THE LADY ANNE, OR A RUNAWAY HORSE.
gate; he looked anxiously about, and just caught sight of the flying figure, now, far away on the road. In an instant he sprang to the saddle. I needed no whip, or spur, for I was as eager as my rider: he saw it, and giving me a free rein, and leaning a little forward, we dashed after them.
For about a mile and a half, the road ran straight, and then bent to the right, after which it divided into two roads. Long before we came to the bend, she was out of sight. Which way had she turned? A woman was standing at her garden gate, shading her eyes with her hand, and looking eagerly up the road. Scarcely drawing the rein, Blantyre shouted, "Which way?" "To the right," cried the woman, pointing with her hand, and away we went up the right-hand road; then, for a moment we caught sight of her; another bend, and she was hidden again. Several times we caught glimpses, and then lost them. We scarcely seemed to gain ground upon them at all. An old road-mender was standing near a heap of stones—his shovel dropped, and his hands raised. As we came near he made a sign to speak. Blantyre drew the rein a little. "To the common, to the common, sir; she has turned off there." I knew this common very well; it was for the most part very uneven ground, covered with heather and dark green furze bushes, with here and there a scrubby old thorn tree; there were also open spaces of fine short grass, with anthills and mole turns everywhere; the worst place I ever knew for a headlong gallop.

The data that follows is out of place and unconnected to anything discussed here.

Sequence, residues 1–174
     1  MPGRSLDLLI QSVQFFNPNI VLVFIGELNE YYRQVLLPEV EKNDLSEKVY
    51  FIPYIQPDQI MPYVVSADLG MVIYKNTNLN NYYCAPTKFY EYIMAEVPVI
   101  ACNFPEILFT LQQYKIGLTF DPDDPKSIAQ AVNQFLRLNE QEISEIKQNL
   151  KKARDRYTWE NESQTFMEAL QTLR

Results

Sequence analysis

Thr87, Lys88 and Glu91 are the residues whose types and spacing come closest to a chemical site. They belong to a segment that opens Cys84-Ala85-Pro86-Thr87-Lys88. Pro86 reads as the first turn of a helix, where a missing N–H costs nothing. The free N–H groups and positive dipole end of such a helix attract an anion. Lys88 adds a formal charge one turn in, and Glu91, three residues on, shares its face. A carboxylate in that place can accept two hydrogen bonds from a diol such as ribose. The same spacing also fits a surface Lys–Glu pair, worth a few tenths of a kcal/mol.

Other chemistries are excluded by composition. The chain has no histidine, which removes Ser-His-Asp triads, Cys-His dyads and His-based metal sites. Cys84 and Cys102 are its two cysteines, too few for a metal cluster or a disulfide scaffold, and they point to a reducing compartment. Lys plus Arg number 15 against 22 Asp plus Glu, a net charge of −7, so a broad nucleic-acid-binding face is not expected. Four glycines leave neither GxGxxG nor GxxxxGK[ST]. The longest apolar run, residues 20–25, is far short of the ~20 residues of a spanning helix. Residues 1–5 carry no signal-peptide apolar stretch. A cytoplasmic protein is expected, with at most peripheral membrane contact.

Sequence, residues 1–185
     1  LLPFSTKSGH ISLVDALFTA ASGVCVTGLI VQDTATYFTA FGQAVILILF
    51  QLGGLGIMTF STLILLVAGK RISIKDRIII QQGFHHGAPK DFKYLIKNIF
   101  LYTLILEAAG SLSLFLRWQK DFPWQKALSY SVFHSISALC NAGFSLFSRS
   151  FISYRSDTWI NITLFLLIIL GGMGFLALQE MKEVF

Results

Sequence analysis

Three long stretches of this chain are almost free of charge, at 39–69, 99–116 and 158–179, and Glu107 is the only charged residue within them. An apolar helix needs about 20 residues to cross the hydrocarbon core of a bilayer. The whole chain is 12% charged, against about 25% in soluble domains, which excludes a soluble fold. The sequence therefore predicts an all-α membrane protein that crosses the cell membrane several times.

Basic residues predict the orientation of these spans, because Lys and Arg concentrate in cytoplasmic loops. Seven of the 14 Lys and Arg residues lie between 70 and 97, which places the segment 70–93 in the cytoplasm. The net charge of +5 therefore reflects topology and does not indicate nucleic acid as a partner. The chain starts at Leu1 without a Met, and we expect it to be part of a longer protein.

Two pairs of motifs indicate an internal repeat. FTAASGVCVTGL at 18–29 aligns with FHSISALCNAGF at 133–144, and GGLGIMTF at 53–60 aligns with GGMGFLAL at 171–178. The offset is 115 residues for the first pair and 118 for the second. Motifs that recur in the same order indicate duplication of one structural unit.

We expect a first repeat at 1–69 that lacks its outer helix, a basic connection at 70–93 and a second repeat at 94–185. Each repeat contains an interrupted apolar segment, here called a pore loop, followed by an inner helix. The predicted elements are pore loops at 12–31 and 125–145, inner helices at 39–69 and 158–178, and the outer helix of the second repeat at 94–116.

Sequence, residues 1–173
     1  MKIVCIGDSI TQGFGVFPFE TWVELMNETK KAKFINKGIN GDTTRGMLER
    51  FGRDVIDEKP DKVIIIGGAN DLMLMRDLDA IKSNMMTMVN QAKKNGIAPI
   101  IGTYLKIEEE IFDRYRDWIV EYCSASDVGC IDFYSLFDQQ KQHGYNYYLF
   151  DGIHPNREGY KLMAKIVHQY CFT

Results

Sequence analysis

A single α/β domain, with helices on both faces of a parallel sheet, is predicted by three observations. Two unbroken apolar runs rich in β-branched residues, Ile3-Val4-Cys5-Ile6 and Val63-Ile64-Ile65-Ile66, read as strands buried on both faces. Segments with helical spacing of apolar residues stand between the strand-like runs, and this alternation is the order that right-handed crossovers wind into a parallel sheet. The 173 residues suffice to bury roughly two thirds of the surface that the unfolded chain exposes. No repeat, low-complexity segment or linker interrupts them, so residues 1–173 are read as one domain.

We had hardly turned on the common, when we